For years, a group of Missouri landowners has battled the developer of the proposed Grain Belt Express transmission line that would stretch across the Show-Me State. And the parties have disagreed on nearly everything involving the project.
But the two sides agree on this: A state Supreme Court decision refusing to hear an appeal involving another transmission line project should help bring resolution to the Grain Belt Express case.
This week’s court decision involved an appeal of Ameren Transmission Co.’s Mark Twain transmission line in northeast Missouri. An appellate court this spring vacated the Public Service Commission’s order approving the line on grounds that Ameren didn’t first obtain “assents” from each of the five counties the line would cross.
The Mark Twain line has no connection to the Grain Belt Express project, except that a key issue before the PSC in weighing whether to approve the $2.8 billion direct-current line is whether developer Clean Line Energy Partners LP must obtain approvals from the eight counties its project would cross before getting regulatory approval.
Last month, PSC Chairman Daniel Hall pulled a proposed order in the Grain Belt Express case from the commission’s agenda, saying the PSC would monitor the Mark Twain appeal and “contemplate” if it affected the pending decision (Energywire, June 7).
Now, after more than a year, thousands of pages of briefs, days of evidentiary hearings and legal resolution of the Mark Twain appeal, the Grain Belt Express case is teed up for a commission ruling.
The stakes are high. Missouri is the only state yet to grant approval to the Grain Belt Express project. And the PSC has already denied the company’s application once, leading Clean Line to refile with the commission exactly a year ago (Energywire, July 1, 2016).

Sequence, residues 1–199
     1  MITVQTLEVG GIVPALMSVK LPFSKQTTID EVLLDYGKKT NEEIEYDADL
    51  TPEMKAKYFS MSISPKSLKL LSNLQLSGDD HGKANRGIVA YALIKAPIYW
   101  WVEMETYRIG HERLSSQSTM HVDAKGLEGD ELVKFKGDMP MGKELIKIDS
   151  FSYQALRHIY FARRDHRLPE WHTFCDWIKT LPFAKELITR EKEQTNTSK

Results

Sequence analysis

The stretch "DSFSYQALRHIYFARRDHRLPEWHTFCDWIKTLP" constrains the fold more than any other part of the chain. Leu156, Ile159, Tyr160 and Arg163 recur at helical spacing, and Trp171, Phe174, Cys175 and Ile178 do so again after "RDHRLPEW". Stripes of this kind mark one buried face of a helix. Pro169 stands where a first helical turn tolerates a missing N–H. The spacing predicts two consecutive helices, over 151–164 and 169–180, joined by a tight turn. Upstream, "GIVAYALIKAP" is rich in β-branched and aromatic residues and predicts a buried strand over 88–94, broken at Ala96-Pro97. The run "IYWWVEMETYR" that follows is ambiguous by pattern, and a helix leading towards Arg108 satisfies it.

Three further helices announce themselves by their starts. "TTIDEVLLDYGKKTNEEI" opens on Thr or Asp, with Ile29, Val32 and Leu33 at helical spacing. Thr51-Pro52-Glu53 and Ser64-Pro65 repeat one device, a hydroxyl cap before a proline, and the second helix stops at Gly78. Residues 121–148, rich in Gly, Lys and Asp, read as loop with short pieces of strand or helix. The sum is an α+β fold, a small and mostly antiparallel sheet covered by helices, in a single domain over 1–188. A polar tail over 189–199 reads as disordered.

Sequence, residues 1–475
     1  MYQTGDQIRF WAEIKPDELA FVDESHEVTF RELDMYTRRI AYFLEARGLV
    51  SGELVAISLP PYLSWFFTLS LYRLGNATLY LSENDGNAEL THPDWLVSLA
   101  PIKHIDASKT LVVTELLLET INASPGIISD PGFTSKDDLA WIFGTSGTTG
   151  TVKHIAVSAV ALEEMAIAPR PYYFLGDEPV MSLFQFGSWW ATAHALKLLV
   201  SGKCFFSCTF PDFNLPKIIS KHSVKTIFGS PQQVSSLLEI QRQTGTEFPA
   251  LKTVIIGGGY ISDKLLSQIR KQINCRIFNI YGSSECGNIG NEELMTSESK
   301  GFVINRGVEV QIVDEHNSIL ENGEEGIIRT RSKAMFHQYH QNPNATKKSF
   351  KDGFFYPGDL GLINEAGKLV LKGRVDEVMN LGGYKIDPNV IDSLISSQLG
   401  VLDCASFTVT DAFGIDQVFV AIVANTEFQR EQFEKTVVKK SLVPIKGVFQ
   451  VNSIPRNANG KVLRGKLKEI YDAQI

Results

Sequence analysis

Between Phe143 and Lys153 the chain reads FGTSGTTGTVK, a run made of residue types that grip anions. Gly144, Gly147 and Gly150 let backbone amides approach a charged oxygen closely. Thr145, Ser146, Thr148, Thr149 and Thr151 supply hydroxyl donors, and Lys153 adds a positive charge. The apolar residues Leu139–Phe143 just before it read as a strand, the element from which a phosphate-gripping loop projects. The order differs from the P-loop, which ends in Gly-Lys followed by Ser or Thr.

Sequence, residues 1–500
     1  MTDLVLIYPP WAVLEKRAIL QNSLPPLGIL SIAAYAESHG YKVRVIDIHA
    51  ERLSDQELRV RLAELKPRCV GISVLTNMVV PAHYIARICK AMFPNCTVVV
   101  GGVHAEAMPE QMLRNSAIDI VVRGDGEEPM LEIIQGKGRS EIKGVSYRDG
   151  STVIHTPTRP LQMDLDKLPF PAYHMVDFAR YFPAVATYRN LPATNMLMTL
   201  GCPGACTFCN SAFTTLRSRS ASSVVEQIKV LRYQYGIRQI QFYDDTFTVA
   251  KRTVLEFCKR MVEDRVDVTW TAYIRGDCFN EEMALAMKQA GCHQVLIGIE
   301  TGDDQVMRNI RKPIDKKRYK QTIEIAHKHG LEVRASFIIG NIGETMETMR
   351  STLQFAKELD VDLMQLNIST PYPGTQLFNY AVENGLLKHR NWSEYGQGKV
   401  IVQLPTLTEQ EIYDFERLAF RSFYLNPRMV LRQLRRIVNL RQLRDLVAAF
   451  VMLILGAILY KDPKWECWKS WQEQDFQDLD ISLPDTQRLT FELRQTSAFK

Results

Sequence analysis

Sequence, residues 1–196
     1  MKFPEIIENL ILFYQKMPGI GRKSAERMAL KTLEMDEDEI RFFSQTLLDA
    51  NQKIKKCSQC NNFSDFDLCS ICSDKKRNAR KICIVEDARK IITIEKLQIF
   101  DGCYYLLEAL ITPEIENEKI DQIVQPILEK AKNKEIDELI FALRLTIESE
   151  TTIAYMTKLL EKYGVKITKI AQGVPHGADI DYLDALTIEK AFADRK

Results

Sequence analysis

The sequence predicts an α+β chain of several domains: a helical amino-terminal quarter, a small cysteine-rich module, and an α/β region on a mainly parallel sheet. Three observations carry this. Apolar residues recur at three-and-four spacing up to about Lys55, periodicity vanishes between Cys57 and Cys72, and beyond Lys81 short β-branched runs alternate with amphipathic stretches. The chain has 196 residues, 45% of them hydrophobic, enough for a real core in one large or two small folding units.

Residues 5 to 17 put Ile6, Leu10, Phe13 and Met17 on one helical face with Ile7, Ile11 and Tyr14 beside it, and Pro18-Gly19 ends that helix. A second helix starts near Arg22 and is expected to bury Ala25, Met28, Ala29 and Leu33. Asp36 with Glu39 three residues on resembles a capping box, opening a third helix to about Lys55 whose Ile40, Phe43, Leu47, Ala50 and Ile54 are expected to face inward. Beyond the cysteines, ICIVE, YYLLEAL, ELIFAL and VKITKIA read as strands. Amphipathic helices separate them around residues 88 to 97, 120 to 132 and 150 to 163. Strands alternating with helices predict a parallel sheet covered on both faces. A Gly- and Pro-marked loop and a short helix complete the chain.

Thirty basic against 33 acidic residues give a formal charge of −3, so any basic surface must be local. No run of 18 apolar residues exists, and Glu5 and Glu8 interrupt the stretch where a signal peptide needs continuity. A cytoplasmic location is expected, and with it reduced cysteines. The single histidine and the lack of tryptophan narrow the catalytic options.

Houston-based Clean Line set out to develop the Grain Belt Express line seven years ago. The 780-mile transmission line would deliver wind energy from remote southwest Kansas to more populous areas in the East. The line would have 4,000 megawatts of capacity with 3,500 MW sent to the PJM Interconnection grid and 500 MW delivered to eastern Missouri, part of the Midcontinent Independent System Operator’s grid.
‘It doesn’t affect what we’re doing’
While both Clean Line and landowners who oppose the project are eager for a second, final decision, they also disagree over the relevance of the state Supreme Court’s refusal to hear the Mark Twain appeal.
Clean Line said the appellate court ruling on the Mark Twain project shouldn’t affect the commission’s decision on the Grain Belt Express because the court opinion cites a different subsection of state law from what the company cited in its application.
“It doesn’t affect what we’re doing and what we’ve asked for from the commission,” said Mark Lawlor, director of development at Clean Line.
The opinion cites a subsection of Missouri statute that says an “area” franchise certificate cannot be issued unless an entity has first “received the required consent of the proper municipal authorities.”
Clean Line said it applied for a “line” certificate under the preceding subsection of the statute that merely requires commission approval before constructing an electrical plant.